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Encyclopedia > Applied ethics

Applied ethics takes a theory of ethics, such as utilitarianism, social contract theory, or deontology, and applies its major principles to a particular set of circumstances and practices. Typical examples include applied fields such as medical ethics, legal ethics, environmental ethics, computer ethics, corporate social responsibility, or business ethics. Many considerations of applied ethics also come into play in human rights discussions. Ethics is the branch of axiology – one of the four major branches of philosophy, alongside metaphysics, epistemology, and logic – which attempts to understand the nature of morality; to define that which is right from that which is wrong. ... Utilitarianism (from the Latin utilis, useful) is a theory of ethics based on quantitative maximization of some good for society or humanity. ... Social contract is a phrase used in philosophy, political science, and sociology to denote a real or hypothetical agreement within a state regarding the rights and responsibilities of the state and its citizens, or more generally a similar concord between a group and its members. ... In moral philosophy, deontology is the view that morality either forbids or permits actions, which is done through moral norms. ... Medical ethics is the discipline of evaluating the merits, risks, and social concerns of activities in the field of medicine. ... Legal ethics refers to an ethical code governing those in the practice of law. ... Environmental ethics is the ethical relationship between human beings and the environment in which they live. ... Ù à <nowiki><nowiki><nowiki><nowiki>[[Media:[[Computer ethics is a branch of practical [[philosophy]] which deals with how computing professionals should make decisions regarding professional and social conduct. ... Corporate social responsibility (CSR) is an expression used to describe what some see as a company’s obligation to be sensitive to the needs of ‘‘‘all’’’ of its stakeholders in its business operations. ... // General definition Business ethics is the branch of ethics that examines ethical rules and principles within a commercial context; the various moral or ethical problems that can arise in a business setting; and any special duties or obligations that apply to persons who are engaged in commerce. ... Human rights are rights which some hold to be inalienable and belonging to all humans. ...


The chief difficulty with formal, applied ethics is the potential for disagreement over what constitutes the proper theory or principles to apply, which is bound to result in solutions to specific problems that are not universally acceptable to all participants. For example, a strict deontological approach would never permit us to deceive a patient about his condition, whereas a utilitarian approach would have us consider the consequences of doing so. A deontologist will often come up with a very different solution than would a utilitarian, given the same facts.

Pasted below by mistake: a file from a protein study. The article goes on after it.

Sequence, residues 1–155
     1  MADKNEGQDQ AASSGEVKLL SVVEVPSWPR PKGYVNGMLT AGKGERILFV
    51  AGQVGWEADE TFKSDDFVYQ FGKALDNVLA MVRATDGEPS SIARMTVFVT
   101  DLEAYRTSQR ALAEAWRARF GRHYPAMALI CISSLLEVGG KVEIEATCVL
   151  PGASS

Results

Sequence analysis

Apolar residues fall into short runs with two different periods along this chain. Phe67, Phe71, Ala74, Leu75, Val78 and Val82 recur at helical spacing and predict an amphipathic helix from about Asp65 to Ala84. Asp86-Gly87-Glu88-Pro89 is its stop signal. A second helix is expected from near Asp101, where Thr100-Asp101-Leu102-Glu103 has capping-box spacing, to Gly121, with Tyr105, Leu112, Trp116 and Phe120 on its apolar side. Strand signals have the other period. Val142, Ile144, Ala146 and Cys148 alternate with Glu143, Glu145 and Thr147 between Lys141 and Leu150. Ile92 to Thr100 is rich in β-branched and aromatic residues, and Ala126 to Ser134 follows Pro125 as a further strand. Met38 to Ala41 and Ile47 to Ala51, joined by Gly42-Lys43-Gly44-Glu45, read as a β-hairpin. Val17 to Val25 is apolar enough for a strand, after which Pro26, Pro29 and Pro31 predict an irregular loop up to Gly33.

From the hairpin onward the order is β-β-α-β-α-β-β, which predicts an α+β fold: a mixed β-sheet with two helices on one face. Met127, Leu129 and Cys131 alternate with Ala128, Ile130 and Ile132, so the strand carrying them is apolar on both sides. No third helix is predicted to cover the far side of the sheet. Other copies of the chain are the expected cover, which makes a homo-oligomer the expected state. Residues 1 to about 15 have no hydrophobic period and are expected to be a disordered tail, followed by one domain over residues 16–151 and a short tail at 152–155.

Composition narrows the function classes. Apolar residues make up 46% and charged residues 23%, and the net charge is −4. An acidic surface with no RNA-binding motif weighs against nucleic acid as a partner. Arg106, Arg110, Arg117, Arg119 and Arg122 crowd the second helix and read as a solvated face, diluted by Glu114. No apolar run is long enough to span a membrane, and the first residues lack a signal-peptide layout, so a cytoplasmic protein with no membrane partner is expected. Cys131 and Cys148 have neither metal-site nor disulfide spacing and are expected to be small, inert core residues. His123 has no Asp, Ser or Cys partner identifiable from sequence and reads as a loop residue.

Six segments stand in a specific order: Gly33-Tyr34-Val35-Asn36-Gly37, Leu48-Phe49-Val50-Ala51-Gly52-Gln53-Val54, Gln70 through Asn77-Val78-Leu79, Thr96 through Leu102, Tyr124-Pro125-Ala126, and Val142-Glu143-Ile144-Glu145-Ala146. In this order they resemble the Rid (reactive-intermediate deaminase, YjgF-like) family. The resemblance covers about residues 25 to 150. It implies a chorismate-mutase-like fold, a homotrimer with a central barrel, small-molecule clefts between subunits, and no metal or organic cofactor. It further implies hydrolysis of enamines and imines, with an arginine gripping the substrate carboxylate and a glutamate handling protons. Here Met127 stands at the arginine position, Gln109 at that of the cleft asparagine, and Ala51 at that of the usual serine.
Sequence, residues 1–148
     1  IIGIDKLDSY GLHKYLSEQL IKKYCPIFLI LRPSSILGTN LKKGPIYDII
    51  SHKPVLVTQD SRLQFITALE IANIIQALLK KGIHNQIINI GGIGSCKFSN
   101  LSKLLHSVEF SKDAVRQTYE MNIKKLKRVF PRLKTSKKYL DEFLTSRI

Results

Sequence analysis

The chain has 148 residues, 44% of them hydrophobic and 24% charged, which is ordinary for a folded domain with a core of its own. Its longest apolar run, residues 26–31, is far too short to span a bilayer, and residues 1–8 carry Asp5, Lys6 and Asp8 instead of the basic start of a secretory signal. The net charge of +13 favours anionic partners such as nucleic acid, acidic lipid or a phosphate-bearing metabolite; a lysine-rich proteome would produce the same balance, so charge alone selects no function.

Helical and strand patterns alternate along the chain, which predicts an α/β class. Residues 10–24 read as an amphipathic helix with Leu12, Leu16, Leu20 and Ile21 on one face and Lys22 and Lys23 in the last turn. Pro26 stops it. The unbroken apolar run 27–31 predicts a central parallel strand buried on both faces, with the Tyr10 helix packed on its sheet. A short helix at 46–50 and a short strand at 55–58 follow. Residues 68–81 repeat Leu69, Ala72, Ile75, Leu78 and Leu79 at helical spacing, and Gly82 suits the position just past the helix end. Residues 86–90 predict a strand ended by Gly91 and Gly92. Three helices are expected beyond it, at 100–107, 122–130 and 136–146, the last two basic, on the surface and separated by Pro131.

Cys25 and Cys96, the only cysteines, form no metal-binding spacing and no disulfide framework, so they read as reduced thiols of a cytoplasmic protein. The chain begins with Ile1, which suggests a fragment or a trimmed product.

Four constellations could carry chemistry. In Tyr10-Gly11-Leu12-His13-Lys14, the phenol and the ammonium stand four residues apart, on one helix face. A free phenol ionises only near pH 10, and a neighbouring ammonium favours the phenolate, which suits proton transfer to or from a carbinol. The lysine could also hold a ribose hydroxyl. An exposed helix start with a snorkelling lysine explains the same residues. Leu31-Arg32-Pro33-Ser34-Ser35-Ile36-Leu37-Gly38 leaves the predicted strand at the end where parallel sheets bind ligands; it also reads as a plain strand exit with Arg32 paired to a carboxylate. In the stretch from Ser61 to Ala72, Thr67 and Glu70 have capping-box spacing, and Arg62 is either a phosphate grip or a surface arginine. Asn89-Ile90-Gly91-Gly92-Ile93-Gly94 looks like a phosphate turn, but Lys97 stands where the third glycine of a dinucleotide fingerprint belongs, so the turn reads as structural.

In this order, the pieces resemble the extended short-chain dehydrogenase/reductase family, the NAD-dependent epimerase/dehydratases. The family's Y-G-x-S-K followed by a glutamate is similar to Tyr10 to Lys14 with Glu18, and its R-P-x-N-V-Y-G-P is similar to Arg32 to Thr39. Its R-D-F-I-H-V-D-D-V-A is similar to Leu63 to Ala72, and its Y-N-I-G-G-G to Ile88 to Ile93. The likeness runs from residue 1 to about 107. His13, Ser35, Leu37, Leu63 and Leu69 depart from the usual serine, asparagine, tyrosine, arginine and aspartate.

One modern approach attempting to address this is casuistry. Casuistry attempts to establish a plan of action to respond to particular facts - a form of case-based reasoning. By doing so in advance of actual investigation of the facts, it can reduce influence of interest groups. By focusing on action and not the rationale, it increases the possibility of agreement between prior bodies of precedent and explicit moral codes. Casuistry (argument by cases) is an attempt to determine the correct response to a moral problem, often a moral dilemma, by drawing conclusions based on parallels with agreed responses to pure cases, also called paradigms. ... Case-based reasoning (CBR), broadly construed, is the process of solving new problems based on the solutions of similar past problems. ...


See also


  Results from FactBites:
 
Ethics - Wikipedia, the free encyclopedia (2530 words)
Ethics is the branch of axiology – one of the four major branches of philosophy, alongside metaphysics, epistemology, and logic – which attempts to understand the nature of morality; to define that which is right from that which is wrong.
There are several sub-branches of applied ethics examining the ethical problems of different professions, such as business ethics, medical ethics, engineering ethics and legal ethics, while technology assessment and environmental assessment study the effects and implications of new technologies or projects on nature and society.
Ethics has been applied to family structure, sexuality, and how society views the roles of individuals; leading to several distinct and unrelated fields of applied ethics, including feminism.
Applied ethics - Wikipedia, the free encyclopedia (246 words)
Applied ethics takes a theory of ethics, such as utilitarianism, social contract theory, or deontology, and applies its major principles to a particular set of circumstances and practices.
Many considerations of applied ethics also come into play in human rights discussions.
The chief difficulty with formal, applied ethics is the potential for disagreement over what constitutes the proper theory or principles to apply, which is bound to result in solutions to specific problems that are not universally acceptable to all participants.
  More results at FactBites »

 
 

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